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euractiv | EU regulators give negative view on proposal to make ["]platforms["] pay for telecom infrastructure
as if (line, spectrum) telecom carriers do not already charge "users" (biz media operators, individual media operators by device and service area) for delivery by volume (data type and Q) aka "subscription plan type"?
BEREC stressed that the internet [sic] has a proven ability to self-adapt [sic] to changing conditions, including increasing traffic volume and changing demand patterns [differential pricing?]. In other words...In 2012, the telecom providers called for a similar sending-party-pays principle.
wut receiving-party is free of charges?
Another important argument of the telecom companies is that, while the tech platforms ["media operators"] are generating and monetising most of the network traffic rents, they [telecom companies] are left with bearing infrastructure costs [capEx] of up to €36-40 billion per year.
So what. CapEx is a P&L allowance; S/T, L/T liabilities are balance sheet finance artifacts.
BEREC noticed that this point needs to be thoroughly analysed since network infrastructure costs are not very traffic-sensitive [contradiction ALERT!] and their capacity needs to be enhanced ["bandwidth throttling and capping"?] only when higher peak capacity is required. However, the picture changes with mobile networks [spectrum bandwidth] that have a higher degree of traffic sensitivity.
"net neutrality" GIGO
The regulators' view is that the internet operators ["media operators"] and content providers ["media operators"] are mutually dependent [wut], as the demand  for [price of] content [data transmission] drives the demand for [price of] broadband access [carrier subscription] and, vice versa, internet availability [sic] leads to higher demand  for [price of] internet telecom carrier network services.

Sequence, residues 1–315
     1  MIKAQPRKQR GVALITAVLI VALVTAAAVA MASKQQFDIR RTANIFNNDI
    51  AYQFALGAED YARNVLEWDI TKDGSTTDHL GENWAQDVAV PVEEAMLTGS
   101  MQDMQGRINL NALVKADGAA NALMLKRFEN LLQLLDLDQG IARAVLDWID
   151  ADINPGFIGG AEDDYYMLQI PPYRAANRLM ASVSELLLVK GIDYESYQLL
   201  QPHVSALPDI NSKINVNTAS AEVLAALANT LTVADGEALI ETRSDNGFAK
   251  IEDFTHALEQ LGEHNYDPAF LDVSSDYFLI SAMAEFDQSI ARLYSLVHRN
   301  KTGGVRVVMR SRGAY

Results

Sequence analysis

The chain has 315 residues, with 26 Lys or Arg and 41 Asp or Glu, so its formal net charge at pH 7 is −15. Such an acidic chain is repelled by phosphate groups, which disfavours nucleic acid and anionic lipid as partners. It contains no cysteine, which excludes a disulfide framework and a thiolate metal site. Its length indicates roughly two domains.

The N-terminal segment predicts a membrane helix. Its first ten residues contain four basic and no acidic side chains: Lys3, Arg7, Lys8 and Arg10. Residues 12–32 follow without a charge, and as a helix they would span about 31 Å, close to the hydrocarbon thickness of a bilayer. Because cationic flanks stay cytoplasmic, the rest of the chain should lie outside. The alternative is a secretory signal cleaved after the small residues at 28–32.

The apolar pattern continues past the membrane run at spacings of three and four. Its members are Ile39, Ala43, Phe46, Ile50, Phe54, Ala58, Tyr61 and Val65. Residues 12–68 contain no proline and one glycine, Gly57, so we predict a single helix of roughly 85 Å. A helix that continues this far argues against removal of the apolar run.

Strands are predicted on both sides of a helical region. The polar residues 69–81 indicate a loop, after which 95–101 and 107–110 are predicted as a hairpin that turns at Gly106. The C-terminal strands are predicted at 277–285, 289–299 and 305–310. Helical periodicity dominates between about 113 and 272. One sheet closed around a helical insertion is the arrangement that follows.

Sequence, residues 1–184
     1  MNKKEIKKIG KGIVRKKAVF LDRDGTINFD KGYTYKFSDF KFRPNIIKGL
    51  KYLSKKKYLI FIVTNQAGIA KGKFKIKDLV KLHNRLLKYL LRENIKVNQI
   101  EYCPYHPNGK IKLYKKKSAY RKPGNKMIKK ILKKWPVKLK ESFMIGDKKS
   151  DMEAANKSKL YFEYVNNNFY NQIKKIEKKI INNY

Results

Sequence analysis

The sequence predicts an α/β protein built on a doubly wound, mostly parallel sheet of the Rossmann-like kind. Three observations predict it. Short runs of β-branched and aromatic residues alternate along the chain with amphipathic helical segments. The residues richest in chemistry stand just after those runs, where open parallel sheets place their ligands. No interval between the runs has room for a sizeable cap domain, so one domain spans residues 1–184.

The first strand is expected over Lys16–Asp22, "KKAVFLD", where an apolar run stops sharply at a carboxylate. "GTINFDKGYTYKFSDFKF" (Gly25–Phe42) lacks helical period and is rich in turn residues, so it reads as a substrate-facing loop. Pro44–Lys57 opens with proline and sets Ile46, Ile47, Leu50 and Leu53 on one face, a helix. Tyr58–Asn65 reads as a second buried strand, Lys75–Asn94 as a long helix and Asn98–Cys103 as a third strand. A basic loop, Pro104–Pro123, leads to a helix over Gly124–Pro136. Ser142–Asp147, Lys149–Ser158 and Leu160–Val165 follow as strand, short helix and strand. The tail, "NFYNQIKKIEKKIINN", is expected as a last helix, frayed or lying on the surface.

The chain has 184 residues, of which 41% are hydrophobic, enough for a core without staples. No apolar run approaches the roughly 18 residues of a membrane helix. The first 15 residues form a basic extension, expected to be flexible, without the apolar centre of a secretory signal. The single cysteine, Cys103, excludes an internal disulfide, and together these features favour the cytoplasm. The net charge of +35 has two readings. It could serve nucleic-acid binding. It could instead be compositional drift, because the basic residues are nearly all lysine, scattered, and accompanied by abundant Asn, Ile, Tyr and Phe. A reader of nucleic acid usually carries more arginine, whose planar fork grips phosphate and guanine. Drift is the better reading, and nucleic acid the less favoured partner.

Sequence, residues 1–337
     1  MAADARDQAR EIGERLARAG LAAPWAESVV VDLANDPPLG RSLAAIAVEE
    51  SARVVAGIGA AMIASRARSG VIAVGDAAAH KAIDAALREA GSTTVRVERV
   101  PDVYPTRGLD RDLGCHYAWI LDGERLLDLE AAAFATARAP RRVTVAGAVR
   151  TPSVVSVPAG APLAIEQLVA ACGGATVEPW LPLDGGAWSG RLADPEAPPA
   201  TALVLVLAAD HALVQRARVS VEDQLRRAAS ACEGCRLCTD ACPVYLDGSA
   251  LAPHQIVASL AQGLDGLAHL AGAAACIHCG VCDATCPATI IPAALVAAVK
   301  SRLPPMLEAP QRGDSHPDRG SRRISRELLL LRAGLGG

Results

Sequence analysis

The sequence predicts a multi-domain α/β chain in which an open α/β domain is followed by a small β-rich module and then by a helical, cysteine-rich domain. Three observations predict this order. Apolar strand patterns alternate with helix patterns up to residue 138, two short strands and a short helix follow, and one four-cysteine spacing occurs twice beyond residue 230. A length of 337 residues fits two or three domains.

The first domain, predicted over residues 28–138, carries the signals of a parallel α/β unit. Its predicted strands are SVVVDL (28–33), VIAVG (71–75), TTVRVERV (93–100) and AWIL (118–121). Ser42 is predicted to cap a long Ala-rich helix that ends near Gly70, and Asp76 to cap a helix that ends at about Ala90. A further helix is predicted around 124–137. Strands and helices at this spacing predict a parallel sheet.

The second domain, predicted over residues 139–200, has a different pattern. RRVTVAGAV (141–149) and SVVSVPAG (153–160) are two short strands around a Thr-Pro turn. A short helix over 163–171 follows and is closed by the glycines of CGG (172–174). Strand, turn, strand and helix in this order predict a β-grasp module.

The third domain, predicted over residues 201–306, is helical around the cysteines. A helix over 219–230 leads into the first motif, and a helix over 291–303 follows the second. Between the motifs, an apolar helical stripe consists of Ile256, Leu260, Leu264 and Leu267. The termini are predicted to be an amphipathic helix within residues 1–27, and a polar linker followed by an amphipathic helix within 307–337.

euractiv | Public service media looks for innovative solutions to old problems

Despite the recently-published European Media Freedom Act's focus [nope] on protecting [nope] public service media [operators], innovation [sic] at the newsroom level is needed to ensure that such outlets [media operators] can continue to function [?].

The EU's Media Freedom Act, published last month with the aim of boosting transparency and independence in the media, includes a number of safeguards aimed specifically at public service media: outlets [media operators] that are funded [in part or wholly] by [a government] and produce content [programmes] for the public.

contradiction ALERT
In order to further safeguard outlets, the regulation also obliges national governments to ensure that these organisations receive sufficient funding [?!] to protect their editorial independence [?!].

The specific [nope] focus on public service media follows concerns raised in the Commission's 2022 Rule of Law report, which for the first time, looked specifically at the challenges facing these types of outlets [media operators] and the steps countries [?!] could take to defend against the political pressure they might face. ....

See matrix of category errors
Wired | Biden's Privacy Order Slaps a Band-Aid on the EU-US Data Crisis, 7 Oct
"THE UNITED STATES is not going to stop spying on Europeans' data, but it is going to make sure that spying is 'proportionate.'"
noyb.eu | Executive Order on US Surveillance unlikely to satisfy EU law, 7 Oct
There is continuous "bulk surveillance" and a "court' that is not an actual court.
Max Schrems, chair of noyb.eu: "The EU and the US now agree on the use of the word 'proportionate' but seem to disagree on the meaning of it. In the end, the CJEU's definition will prevail— likely killing any EU decision again. The European Commission is turning a blind eye on US law again and allowing the continued surveillance of Europeans." ...
by Cat on Wed Oct 12th, 2022 at 09:58:58 PM EST
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